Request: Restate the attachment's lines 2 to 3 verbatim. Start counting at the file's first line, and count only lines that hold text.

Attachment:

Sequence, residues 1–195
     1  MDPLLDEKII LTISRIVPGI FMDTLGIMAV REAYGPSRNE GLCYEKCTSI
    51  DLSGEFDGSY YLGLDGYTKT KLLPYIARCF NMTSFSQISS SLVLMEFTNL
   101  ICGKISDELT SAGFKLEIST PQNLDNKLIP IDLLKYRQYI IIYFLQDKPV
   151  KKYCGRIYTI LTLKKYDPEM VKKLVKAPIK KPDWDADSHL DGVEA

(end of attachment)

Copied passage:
     1  MDPLLDEKII LTISRIVPGI FMDTLGIMAV REAYGPSRNE GLCYEKCTSI
    51  DLSGEFDGSY YLGLDGYTKT KLLPYIARCF NMTSFSQISS SLVLMEFTNL